This chapter traces Foucauldian technologies of power in the James Bond universe and characterises the Bond franchise’s biopolitics in the cultural environment of the 1960s and 1970s, when 007 became a mass phenomenon. The majority of the chapter is dedicated to a case study of On Her Majesty’s Secret Service, Ian Fleming’s tenth Bond novel (1963) and the sixth film in the EON series (1969). The chapter highlights the intersection between reproduction and fertility on the one hand and the infliction of death and mass genocide on the other, and it examines how James Bond juxtaposes the disciplinary means that are directed against the body (as an organism) on the one hand, and the state-powered regulation of biological processes that control the population on the other. The two versions of On Her Majesty’s Secret Service amount to the franchise’s most straightforward foray into the realm of biopolitics and would pave the way for the franchise’s subsequent biopolitical and eugenic moments, like when the figure of the genocidal villain gets to articulate the franchise’s own subliminal agenda regarding population control and the future of the (British) species.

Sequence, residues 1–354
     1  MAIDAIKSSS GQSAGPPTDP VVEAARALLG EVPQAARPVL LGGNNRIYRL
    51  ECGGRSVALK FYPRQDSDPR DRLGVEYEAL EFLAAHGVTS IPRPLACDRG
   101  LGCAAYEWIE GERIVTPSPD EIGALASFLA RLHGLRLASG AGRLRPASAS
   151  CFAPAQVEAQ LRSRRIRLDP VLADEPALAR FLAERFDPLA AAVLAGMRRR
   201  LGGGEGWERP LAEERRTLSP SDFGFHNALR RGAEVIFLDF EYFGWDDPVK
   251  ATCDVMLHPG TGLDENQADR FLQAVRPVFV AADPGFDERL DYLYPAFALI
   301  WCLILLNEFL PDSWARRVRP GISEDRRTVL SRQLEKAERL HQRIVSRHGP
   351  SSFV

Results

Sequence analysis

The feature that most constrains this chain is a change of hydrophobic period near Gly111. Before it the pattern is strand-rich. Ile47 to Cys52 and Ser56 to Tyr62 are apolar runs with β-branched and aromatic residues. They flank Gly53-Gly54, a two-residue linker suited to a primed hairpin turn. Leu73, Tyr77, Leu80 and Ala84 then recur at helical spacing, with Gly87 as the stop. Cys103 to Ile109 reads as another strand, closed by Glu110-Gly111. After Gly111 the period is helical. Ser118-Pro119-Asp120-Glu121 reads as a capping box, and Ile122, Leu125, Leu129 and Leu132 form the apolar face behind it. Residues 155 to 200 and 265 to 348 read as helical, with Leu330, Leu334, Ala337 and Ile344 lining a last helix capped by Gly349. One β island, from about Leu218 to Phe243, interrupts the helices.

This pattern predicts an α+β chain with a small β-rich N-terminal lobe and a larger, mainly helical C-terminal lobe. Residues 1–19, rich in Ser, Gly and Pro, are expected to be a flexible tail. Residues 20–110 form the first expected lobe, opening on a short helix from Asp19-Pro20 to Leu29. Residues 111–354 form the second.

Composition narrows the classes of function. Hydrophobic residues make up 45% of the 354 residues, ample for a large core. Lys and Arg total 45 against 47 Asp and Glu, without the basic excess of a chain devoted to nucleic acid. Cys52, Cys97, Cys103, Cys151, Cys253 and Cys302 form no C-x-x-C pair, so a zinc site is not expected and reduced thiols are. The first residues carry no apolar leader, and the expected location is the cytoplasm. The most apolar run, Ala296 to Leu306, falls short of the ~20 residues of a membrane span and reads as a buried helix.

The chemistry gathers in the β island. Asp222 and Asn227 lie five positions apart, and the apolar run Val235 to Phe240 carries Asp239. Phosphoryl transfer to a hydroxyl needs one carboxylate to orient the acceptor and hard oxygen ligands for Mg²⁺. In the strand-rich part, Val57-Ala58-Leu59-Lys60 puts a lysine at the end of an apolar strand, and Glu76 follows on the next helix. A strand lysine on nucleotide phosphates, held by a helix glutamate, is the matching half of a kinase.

|Journal||Humanities : open access journal|
|Publication status||Published - 27 Mar 2019|
- James Bond, Biopolitics, Agamben, Foucault, Eugenics